7 December 2016
Wellcome has today announced funding of £118 million to 14 major research centres, including three centres based in Oxford.
The Wellcome Centre for Human Genetics, the Wellcome Centre for Integrative Neuroimaging, and the Wellcome Centre for Ethics, Innovation, Globalisation and Medicine, are among the centres across the UK and South Africa to secure the funding for the next five years.
All of the centres aim to advance our understanding of health and disease, and span fundamental and social sciences, humanities, clinical research and engineering.
One of the seven renewed existing Centres, the Wellcome Centre for Human Genetics, has been based in Oxford for 22 years. The Wellcome Centre for Integrative Neuroimaging and the Wellcome Centre for Ethics, Innovation, Globalisation and Medicine are among the seven newly established centres.
The Wellcome Centre for Human Genetics has played a pioneering role in the progress and success of human disease genetics and mechanism research. The renewal of Wellcome funding will enable it to continue to exploit human genetics and uncover disease biology, improving human healthcare through the development of more precise diagnostic tests and preventative or therapeutic interventions.
The Wellcome Centre for Integrative Neuroimaging is focussed on enabling novel fundamental discoveries of brain function. Neuroimaging is a powerful tool for connecting current advances in the measurement of brain circuits and large-scale datasets being generated by clinical and epidemiological studies, bridging the gap between laboratory neuroscience and human health.
The Wellcome Centre for Ethics, Innovation, Globalisation and Medicine will provide a platform for collaboration between researchers in ethics, the humanities, and medical sciences. Located in Oxford’s Big Data Institute, the Centre will identify and address the challenges to ethics raised by developments in data science, genomics, neuroscience, and globalisation.
Prof Matthew Wood, Associate Head of Research at the Medical Sciences Division, University of Oxford, said: “One of the great strengths of research at the University of Oxford is the number of world-class researchers working in close proximity, creating unrivalled opportunities for collaboration and knowledge-sharing.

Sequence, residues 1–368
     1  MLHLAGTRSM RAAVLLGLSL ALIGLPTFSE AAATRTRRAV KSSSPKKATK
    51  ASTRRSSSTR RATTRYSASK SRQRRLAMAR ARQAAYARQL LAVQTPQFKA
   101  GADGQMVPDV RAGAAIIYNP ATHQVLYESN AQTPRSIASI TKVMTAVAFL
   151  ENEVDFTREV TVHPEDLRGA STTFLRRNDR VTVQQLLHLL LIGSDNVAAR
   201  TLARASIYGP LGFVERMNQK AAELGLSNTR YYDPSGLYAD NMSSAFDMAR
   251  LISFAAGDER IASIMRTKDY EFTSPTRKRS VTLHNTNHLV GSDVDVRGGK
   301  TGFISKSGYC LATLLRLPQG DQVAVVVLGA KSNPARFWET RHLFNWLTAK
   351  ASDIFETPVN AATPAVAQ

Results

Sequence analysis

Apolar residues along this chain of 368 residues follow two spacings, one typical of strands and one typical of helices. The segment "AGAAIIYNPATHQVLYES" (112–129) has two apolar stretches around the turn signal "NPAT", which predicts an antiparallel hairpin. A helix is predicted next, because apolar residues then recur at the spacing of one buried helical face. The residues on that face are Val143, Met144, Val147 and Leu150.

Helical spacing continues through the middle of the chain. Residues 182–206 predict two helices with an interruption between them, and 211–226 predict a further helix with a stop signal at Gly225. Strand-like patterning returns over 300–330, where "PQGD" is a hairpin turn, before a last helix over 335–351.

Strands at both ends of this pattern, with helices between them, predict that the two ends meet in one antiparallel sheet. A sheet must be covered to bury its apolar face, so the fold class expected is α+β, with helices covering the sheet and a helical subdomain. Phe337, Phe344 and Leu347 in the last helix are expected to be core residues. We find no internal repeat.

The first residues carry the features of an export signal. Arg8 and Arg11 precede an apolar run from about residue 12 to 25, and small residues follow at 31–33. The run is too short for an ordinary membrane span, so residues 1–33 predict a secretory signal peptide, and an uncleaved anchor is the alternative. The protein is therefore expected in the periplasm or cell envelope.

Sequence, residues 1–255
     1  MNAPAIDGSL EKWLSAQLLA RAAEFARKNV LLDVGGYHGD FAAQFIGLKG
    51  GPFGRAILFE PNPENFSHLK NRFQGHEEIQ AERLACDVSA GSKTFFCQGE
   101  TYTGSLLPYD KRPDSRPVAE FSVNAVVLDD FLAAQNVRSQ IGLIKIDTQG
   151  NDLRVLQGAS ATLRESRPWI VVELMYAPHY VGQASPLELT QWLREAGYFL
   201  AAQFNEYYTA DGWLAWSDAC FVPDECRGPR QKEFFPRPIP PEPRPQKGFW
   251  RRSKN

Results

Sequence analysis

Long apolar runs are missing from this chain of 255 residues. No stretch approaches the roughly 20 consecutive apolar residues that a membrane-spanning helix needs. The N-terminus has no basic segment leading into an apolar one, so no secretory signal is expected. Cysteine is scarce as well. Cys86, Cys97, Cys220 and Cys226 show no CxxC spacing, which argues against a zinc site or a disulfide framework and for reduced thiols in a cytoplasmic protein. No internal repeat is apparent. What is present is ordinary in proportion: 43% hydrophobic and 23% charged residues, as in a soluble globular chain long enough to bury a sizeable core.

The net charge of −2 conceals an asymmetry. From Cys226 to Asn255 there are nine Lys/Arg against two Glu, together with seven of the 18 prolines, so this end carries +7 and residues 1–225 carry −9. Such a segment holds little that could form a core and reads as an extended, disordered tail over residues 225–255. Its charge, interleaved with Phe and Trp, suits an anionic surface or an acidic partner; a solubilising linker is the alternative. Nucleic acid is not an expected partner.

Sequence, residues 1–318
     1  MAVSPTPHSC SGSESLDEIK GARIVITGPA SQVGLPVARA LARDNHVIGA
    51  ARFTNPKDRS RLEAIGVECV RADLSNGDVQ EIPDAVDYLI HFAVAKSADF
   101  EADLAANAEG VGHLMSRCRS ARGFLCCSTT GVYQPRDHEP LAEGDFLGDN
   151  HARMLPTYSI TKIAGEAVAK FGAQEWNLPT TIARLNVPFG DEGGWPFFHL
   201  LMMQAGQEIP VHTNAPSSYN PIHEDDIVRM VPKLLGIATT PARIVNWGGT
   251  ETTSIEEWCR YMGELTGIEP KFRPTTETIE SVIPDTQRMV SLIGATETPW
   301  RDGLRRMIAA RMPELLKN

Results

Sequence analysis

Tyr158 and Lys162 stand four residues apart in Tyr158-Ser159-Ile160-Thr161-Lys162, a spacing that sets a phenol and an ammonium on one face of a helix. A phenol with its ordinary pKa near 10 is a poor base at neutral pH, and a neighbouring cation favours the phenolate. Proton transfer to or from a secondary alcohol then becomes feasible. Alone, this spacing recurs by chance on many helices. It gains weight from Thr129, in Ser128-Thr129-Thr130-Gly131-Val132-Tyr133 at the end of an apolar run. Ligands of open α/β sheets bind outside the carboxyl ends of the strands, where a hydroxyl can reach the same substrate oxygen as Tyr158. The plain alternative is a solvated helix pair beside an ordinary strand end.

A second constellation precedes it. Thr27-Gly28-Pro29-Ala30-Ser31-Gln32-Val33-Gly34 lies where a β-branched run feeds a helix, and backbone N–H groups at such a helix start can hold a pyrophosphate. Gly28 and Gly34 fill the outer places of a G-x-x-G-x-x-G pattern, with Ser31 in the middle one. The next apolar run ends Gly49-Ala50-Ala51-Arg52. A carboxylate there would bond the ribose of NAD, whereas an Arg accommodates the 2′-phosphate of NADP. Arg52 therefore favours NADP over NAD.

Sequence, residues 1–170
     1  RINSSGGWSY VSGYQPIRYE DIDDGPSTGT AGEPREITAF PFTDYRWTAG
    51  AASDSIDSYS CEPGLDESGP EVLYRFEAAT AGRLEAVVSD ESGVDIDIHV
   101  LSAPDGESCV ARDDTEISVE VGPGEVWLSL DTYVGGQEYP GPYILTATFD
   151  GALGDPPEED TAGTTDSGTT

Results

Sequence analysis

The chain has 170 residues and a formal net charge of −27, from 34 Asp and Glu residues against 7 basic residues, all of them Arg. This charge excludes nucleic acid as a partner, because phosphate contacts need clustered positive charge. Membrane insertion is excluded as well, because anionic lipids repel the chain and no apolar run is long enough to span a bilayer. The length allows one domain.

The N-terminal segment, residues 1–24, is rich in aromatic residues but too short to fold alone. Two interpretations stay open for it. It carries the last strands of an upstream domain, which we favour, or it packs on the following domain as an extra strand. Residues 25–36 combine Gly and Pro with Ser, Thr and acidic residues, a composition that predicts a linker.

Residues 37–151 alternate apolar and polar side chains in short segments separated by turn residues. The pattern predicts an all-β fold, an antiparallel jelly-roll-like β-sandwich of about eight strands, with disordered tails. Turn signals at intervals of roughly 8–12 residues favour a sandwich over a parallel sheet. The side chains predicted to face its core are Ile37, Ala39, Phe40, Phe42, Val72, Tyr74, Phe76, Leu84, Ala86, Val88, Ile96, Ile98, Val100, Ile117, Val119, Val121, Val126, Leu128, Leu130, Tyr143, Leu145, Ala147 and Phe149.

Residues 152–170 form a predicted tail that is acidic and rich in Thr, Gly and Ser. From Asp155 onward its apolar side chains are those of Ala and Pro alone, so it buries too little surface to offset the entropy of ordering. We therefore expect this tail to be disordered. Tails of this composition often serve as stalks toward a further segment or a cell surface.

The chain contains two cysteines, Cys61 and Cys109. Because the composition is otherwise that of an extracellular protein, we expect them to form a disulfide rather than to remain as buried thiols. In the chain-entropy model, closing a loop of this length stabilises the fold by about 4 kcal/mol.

“This significant investment in Oxford demonstrates the importance of the research being carried out here, which is constantly expanding our knowledge of science and health, and raising the quality of medical care globally.”
Wellcome’s Director Dr Jeremy Farrar said: “Wellcome Centres play a special role in the global research ecosystem. By creating places where researchers can flourish we can catalyse world-leading research and translation, and amplify its influence and impact.
“At Wellcome we believe in long term support for discovery-driven science, and Wellcome Centres are an outstanding environment for researchers to further our understanding of fundamental biology, accelerate translation to clinical practice, and explore the social and cultural context of medicine."
For more information about the centres visit wellcome.ac.uk/centres
For further information, please contact Chris McIntyre in the University of Oxford Press Office at firstname.lastname@example.org or on+44 (0)1865 270 046.
The Wellcome Centre for Ethics, Innovation, Globalisation and Medicine: Prof Michael Parker - email@example.com
The Wellcome Centre for Integrative Neuroimaging: Prof Heidi Johansen-Berg - firstname.lastname@example.org
Wellcome Centre for Human Genetics: Prof Peter Donnelly - email@example.com
Notes to editors:
Wellcome exists to improve health for everyone by helping great ideas to thrive. We’re a global charitable foundation, both politically and financially independent. We support scientists and researchers, take on big problems, fuel imaginations and spark debate.
Oxford University’s Medical Sciences Division is one of the largest biomedical research centres in Europe, with over 2,500 people involved in research and more than 2,800 students. The University is rated the best in the world for medicine, and it is home to the UK’s top-ranked medical school.
From the genetic and molecular basis of disease to the latest advances in neuroscience, Oxford is at the forefront of medical research. It has one of the largest clinical trial portfolios in the UK and great expertise in taking discoveries from the lab into the clinic. Partnerships with the local NHS Trusts enable patients to benefit from close links between medical research and healthcare delivery.
A great strength of Oxford medicine is its long-standing network of clinical research units in Asia and Africa, enabling world-leading research on the most pressing global health challenges such as malaria, TB, HIV/AIDS and flu. Oxford is also renowned for its large-scale studies which examine the role of factors such as smoking, alcohol and diet on cancer, heart disease and other conditions.